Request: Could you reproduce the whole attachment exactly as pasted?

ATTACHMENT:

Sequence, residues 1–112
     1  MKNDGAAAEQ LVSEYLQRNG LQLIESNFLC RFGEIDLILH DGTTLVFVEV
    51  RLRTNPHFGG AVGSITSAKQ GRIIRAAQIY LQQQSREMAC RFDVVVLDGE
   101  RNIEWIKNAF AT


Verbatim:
Sequence, residues 1–112
     1  MKNDGAAAEQ LVSEYLQRNG LQLIESNFLC RFGEIDLILH DGTTLVFVEV
    51  RLRTNPHFGG AVGSITSAKQ GRIIRAAQIY LQQQSREMAC RFDVVVLDGE
   101  RNIEWIKNAF AT